Still, I can appreciate watching “This is It.” If’s entertaining.
Thanks MJ wherever you are.
Am I wrong? What do you think?
I got the news of my friend’s death through an email. That is now life in the 21st century. In case you may have known her, her name was Barbara Perrin. Maybe you ran across her in the writing community.
My friend wasn’t my closest friend. We didn’t call each other on a regular basis, or go many places together. But, the relationship was getting warmer. She had a subtle sense of humor.
We attended a 3 day writers group together several months ago. We talked and talked in the hotel room. She was really proud of her son. I felt like I could tell her anything. How many people can you trust like that?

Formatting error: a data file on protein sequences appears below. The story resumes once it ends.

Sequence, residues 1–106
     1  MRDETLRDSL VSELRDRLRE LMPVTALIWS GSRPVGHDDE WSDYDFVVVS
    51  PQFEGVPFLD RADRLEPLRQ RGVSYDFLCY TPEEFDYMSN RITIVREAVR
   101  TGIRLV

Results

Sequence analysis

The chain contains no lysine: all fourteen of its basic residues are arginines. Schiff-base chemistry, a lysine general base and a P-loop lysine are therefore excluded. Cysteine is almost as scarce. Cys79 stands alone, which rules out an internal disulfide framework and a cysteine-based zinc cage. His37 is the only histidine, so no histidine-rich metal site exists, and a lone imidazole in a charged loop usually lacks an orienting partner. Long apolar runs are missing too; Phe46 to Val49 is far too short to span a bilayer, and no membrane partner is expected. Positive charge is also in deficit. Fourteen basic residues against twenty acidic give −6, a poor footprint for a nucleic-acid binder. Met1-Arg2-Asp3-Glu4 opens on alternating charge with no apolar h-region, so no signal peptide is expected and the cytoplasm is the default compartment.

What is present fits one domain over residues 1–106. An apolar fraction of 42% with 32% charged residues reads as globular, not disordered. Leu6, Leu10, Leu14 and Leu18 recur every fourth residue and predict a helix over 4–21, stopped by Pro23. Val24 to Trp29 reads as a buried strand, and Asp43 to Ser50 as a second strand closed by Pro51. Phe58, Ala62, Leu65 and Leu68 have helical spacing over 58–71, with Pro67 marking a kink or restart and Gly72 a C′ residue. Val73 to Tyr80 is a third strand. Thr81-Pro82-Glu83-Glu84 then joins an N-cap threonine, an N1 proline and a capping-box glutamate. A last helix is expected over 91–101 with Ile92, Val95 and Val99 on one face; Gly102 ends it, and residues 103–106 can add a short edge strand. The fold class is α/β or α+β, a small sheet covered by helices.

I met her at a casual writer’s group several years ago. She’d come every week, all the way from Westerville, Ohio to Reynoldsburg, Ohio. I could depend on her walking in every Thursday, getting some coffee, and sitting down at the table in the back of the room.
She was an editor by trade, and edited some things I wrote. It was something you’d expect someone to charge for, but she generously did it for free. I learned more than a few things from her.
She was a kind and gentle person, one who knew how to be tactful and get along with others. She seemed to have all the patience in the world.
Her stories were really different, and she had a wonderful way with words. Her stories were about different types of things from an angle you wouldn’t expect. They were quite artistic. One of her stories was published in the last Columbus Creative Cooperative, and she was so excited about it. The editors were looking forward to the one she was writing for the Bicentennial edition.